Ghana has earned a $50 million birthday package with the release of the first tranche of the Millennium Challenge Account (MCA) by the United States of America (USA).
The money, which is available for immediate use, was released last Wednesday, a day after the climax of events marking the country's Golden Jubilee.
The Chief Executive Officer (CEO) of the Millennium Challenge Corporation (MCC), Mr John Danilovich, a member of the delegation which represented the US President, Mr George Bush, at the anniversary, announced at a press conference in Accra that the $50 million had been deposited in the account of the Millennium Development Authority (MiDA), the authority which oversees the implementation of the project in Ghana.
This initial disbursement will go into preliminary construction activities, such as irrigation, and the computerisation of rural banks in all the three zones listed under the development scheme.
The MCA intervention districts within the three zones include Savelugu Nanton, Tolon Kumbungu, Tamale, West Mamprusi and Karaga, for the Northern Agricultural Area.
Others are Ejura Sekyedumasi, Kwahu South, Fanteakwa, Afram Plains, Sekyere East and Sekyere West for the Afram Basin.
The rest are Gomoa East, Awutu-Efutu-Senya, Akuapim South, Manya Krobo, Dangme West, Yilo Krobo, North Dayi, Hohoe, Ketu, Keta, South Tongu and Akatsi, for the Southern Horticulture Area.
More tangibly, part of the money will be used to construct a Pack House at the Kotoka International Airport to be equipped with refrigerators for the storage of fresh horticultural products.
This is one way of solving the supply side constraints of the Ghanaian farmer and increasing the value of his produce.
He said the $50 million, out of the total $547 million grant, would go into preliminary compact activities and that the funds would be disbursed in tranches on a quarterly basis, over the five-year period, based on performance benchmarks.
Mr Danilovich said since the signing of the compact last August, both MiDA and MCC teams had worked diligently to finalise a number of supplementary agreements for a successful take off.
He said the disbursements would increase in the years ahead as the project activities also move into higher gear.
“The MCC is proud to stand with Ghanaians to implement this ambitious, result-oriented, anti-poverty programme which seeks to improve the lives of the rural poor by raising farmer incomes through private sector-led agri-business development,” he stated.
The MDA compact will support agricultural development, transportation and rural development in an integrated fashion.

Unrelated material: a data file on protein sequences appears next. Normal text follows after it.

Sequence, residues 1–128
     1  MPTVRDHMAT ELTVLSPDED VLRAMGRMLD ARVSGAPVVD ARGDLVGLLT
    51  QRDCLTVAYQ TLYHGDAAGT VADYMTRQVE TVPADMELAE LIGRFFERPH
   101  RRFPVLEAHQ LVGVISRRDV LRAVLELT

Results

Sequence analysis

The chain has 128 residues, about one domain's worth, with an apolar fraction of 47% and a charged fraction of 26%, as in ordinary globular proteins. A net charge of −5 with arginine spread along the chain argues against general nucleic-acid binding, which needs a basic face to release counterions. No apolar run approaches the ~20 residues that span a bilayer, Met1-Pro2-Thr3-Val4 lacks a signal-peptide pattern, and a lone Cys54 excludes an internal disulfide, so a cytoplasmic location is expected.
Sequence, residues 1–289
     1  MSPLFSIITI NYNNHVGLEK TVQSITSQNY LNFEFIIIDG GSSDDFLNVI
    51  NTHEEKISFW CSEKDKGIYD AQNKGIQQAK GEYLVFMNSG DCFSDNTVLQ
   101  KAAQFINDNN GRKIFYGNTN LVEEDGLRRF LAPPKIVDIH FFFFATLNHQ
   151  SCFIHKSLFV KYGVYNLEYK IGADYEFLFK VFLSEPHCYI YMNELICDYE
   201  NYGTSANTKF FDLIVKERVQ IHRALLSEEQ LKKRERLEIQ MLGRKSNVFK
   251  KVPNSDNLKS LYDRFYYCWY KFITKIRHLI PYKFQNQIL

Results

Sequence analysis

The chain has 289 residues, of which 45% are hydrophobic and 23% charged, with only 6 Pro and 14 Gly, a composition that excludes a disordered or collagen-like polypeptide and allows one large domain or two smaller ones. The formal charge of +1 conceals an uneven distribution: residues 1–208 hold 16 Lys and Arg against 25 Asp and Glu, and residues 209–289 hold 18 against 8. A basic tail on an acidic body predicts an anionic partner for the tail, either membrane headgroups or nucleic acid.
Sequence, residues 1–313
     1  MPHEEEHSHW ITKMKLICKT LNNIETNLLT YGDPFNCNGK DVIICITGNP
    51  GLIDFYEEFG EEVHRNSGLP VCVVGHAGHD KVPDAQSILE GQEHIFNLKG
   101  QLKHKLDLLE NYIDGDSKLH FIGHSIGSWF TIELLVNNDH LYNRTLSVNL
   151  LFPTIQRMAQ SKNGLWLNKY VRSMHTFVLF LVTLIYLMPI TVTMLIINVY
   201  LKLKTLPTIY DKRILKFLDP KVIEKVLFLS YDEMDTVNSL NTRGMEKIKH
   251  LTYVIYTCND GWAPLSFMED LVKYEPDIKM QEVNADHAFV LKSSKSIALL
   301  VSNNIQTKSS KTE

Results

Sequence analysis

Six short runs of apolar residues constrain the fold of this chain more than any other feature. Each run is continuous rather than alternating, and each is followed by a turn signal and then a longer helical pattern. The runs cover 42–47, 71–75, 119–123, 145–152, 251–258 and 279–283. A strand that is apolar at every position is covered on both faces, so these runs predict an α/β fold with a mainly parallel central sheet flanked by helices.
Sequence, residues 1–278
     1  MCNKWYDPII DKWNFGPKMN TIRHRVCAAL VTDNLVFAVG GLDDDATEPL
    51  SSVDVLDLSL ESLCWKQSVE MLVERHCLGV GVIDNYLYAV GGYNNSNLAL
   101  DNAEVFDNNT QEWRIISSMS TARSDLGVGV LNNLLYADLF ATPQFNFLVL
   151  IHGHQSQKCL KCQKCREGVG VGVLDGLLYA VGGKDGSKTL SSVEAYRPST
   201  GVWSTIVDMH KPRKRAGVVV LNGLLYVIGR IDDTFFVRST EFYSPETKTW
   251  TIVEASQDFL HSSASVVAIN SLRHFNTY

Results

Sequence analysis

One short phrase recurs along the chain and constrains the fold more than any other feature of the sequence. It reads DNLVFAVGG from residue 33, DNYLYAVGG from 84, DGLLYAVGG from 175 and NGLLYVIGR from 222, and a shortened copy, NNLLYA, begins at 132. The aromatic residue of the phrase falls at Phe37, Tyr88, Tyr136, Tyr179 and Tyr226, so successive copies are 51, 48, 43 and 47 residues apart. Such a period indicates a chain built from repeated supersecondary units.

It is expected that the funding will directly reach some 230,000 poor Ghanaians in extreme poverty and benefit more than one million people in total.
It will enable Ghanaians in the agricultural value chain to build their capacities to access and participate more fully in the global marketplace.
Mr Danilovich said as the Ghanaian economy set out for increased growth, the programme would help the rural poor to participate in and contribute further to the country's growth.
He said the MCC had satisfied itself with all the requirements for Ghana to access the funds, saying, “We both want timely disbursements.”
He debunked allegations that the compact had strings attached, such as a categorical directive that the country should not use the funds for poultry and rice production.
Mr Danilovich also made it clear that the USA had not asked Ghana or any other country in West Africa to build a military base.
He commended President J.A. Kufuor and the people of Ghana for their hard work and achievements.
The United States Ambassador, Ms Pamela Bridgewater, said the programme was home-grown and Ghana-made and would benefit all Ghanaians, irrespective of their political, ethnic or religious affiliations.
“It is Ghana which has created MiDA and is working diligently to implement this ambitious and far-reaching compact and it is Ghanaians who will benefit from the results,” Ms Bridgewater said.
She said the gains the country had made and would make through the successful implementation of the programme would make it a role model for the rest of the African continent.
The Chairman of the Board of MiDA, Dr Paa Kwesi Nduom, said the project was a truly integrated one, since it had brought on board all needed ingredients for competitive agribusiness to the same place at the same time.
He said areas to be sorted out with the first tranche included all forms of rural financial services, large-scale farmers in the eligible zones, outgrowers and other infrastructural construction.
The MCA was set up by President Bush to help some developing countries to increase their income status and reduce poverty.
Ghana qualified to access the fund and presented a proposal on integrated agriculture, costing $547 million, which was approved last August as the single largest disbursement under the MCA.
The fine details of the compact indicate that the sum of $547 million will be used to modernise agriculture, provide transportation and deliver rural development services and facilities.
It is expected that the various community services focused on education, water and sanitation will improve the quality of life of women, who make up 70 per cent of agricultural workers.
The youth, who make up the majority of the Ghanaian society, will also benefit from education and agribusiness development to improve job opportunities for them.
The MCA fund will also be channelled into 950 km of feeder roads and 240 km of trunk roads to link farms to markets and the improvement of the National Highway, the Tetteh Quarshie Interchange to Mallam Road, to link farms to the ports.
Two new ferries with safety facilities and education to improve transportation in the Afram Basin will also be provided, while infrastructure, such as pack houses, storage and cooling facilities to reduce post harvest losses and improve incomes, have been incorporated.